WASHINGTON, July 18 (AP)--Half the delegates to the Republican National Convention are giving George W. Bush their blessing to tap an abortion-rights supporter as his running mate, according to interviews by The Associated Press.
The AP questionnaire found that 49% of the GOP delegates said they
could support such a vice-presidential nominee who backs legalized abortion.
One out of every five delegates, or 22%, said they could not back
such a candidate for Bush, who opposes the procedure. About 15% said
they did not know, and nearly as many delegates did not respond to the
Pennsylvania Gov. Tom Ridge, who supports abortion-rights, was the top vice-presidential pick among Republican delegates, while former presidential
candidate Elizabeth Dole, who opposes abortion, trailed him by a handful of
votes. Ohio Rep. John Kasich, retired Gen. Colin Powell, and former Bush
opponent Sen. John McCain rounded out the top five.
Hamp Atkins, a Republican delegate from Rock Hill, S.C., said he would like
to see Oklahoma Gov. Frank Keating as the next vice president, in part
because of his anti-abortion stance. But, Atkins said he would support
whomever Bush picks as his running mate--even if that person backs the right
to have an abortion.
"I would support the ticket even if it had Christie Todd Whitman," said
Atkins, referring to the New Jersey governor who angered many in her party
by vetoing legislation to outlaw a procedure critics call "partial-birth
"Delegates who are practical realize that the number one priority is to
win, and if people do not support the GOP ticket, you cannot win," Atkins
Even staunch anti-abortion delegates may be willing to throw their support
behind an abortion-rights nominee if it means getting their candidate
elected, said political analyst Stuart Rothenberg.
"I think a lot of Republicans figure, well, there's a pro-life president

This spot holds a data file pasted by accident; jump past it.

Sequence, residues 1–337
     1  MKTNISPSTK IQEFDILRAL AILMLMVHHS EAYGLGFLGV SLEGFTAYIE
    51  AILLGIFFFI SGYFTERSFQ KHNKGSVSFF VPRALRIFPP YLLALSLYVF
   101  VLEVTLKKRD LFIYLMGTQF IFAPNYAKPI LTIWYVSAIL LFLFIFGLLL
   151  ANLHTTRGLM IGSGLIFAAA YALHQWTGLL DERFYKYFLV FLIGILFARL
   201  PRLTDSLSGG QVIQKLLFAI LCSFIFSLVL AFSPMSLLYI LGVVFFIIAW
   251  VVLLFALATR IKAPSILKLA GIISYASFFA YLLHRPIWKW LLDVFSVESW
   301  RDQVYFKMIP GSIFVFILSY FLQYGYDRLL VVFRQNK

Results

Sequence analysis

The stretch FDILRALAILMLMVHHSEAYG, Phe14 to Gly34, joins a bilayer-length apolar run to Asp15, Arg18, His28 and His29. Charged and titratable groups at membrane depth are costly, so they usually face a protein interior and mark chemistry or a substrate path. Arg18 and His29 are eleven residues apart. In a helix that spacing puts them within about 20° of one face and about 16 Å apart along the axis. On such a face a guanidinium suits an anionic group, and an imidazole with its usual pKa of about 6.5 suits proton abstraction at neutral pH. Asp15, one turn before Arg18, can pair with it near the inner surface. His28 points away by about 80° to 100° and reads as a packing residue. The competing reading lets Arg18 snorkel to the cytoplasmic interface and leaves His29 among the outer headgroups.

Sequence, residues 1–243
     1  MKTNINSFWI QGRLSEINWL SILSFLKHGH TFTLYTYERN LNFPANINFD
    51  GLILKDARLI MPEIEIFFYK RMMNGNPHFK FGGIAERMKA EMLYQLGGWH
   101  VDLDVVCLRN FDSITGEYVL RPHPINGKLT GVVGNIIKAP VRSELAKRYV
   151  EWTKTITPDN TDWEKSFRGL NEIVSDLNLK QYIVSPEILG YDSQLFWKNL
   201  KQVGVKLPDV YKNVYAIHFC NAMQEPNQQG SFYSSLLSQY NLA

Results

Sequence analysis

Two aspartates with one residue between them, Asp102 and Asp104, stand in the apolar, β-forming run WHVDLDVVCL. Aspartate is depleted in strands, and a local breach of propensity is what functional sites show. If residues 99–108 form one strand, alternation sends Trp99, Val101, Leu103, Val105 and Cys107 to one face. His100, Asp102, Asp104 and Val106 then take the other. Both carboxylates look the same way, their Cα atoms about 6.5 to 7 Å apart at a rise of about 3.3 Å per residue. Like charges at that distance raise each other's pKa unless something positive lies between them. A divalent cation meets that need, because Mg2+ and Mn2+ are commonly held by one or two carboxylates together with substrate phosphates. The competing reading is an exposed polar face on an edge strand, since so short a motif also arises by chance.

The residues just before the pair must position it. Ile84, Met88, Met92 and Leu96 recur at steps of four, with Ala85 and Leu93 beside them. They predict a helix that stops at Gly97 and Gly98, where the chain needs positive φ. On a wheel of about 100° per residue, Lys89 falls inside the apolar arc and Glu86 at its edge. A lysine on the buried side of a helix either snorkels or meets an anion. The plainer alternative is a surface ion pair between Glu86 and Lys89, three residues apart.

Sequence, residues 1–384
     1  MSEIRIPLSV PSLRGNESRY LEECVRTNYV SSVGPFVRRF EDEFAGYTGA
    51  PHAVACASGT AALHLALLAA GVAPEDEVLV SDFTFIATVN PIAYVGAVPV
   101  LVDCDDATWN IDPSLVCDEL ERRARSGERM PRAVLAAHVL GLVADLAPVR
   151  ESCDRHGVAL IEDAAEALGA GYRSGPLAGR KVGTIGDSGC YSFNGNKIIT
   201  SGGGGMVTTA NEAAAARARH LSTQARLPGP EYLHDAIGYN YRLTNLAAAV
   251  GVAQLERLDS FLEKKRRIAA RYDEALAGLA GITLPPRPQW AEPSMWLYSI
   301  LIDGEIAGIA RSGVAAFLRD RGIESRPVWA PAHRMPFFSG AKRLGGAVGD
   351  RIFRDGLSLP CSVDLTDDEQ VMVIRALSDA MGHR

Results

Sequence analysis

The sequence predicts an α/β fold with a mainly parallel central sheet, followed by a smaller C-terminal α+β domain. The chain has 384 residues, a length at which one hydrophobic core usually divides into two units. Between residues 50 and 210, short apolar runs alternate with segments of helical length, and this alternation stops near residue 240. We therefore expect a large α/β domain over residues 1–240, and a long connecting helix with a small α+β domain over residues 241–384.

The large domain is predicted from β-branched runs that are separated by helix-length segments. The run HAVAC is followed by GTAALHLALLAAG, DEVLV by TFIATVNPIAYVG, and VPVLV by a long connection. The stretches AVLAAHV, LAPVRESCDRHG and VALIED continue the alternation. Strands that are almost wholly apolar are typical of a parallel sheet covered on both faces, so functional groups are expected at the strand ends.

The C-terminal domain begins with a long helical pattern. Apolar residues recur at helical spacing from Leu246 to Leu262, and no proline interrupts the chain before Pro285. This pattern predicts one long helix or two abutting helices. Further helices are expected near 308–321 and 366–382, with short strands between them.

and he seems pretty committed. It wouldn't be disaster if there was a
pro-choice person if that person could help elect George W. Bush
president," Rothenberg said. "I think that's the way delegates are
thinking--they're thinking in terms of how can we elect George W. Bush."
A CBS News poll released Monday found that half of Bush supporters said it
wouldn't affect their support of the Texas governor if he picks an
abortion-rights running mate. About a third said it would make them less
likely to support him, and fewer than one in six said it would make them
more likely to support him.
Senior advisers to Bush, who would be responsible for selling his vice-presidential pick to the Republican faithful, say they are convinced that an
abortion-rights candidate would not cause Bush major political problems.
Many Republicans with strong social-conservative roots across the country
agree with the assessment. David Beasley, the former governor of South
Carolina, said Ridge would make an "excellent" vice-presidential
"George Bush is pro-life, and that is the most significant thing," Beasley
said. "Tom Ridge would be a loyal soldier to his president. He is not an
in-your-face pro-choice Republican. He would be acceptable."
Ridge is on Bush's list of running-mate prospects, and his political team is
prepared to explain the choice to anti-abortion advocates in the event he
selects the Pennsylvania governor. Another abortion-rights governor, George
Pataki of New York, met privately with Bush last week to discuss the vice
If Bush decides to play it safe, senior Republicans say Oklahoma Gov.
Keating could get the nod for his anti-abortion views.
According to AP delegates interviews, Ridge was the top vice-presidential
pick among 7% of the delegates, while Dole was the choice of 6.7%. Kasich received 5.2%, Powell got 5%, and John McCain
3.2%. Nearly 30% of the delegates had other preferences--including various combinations of the contenders.
Among Democratic delegates, Indiana Sen. Evan Bayh was edging out Sen.
Dianne Feinstein of California to share the ticket with Vice President Al
Gore, the likely nominee, both tallying 3.5%. Former Gore rival Bill
Bradley and Energy Secretary Bill Richardson each received 3.1%.
Twenty-eight percent had other choices.
The most common response when asked their choice for vice president was the
same for Republican and Democratic delegates alike: nobody in particular.
Nearly 13% of the GOP delegates contacted said they had no one in
mind or were undecided. For Democrats, 31.5% of the delegates fell
into the same category.
Democratic delegate Linda Stoval of Casper, Wyo., said she felt she lacked
enough information about the potential candidates to pick a favorite.
"I've certainly heard the names, but I don't know whether I would like them
or not," she said.
The AP questionnaire was based on interviews with 1,767 out of 2,066
Republican convention delegates and 3,382 out of 4,338 Democratic convention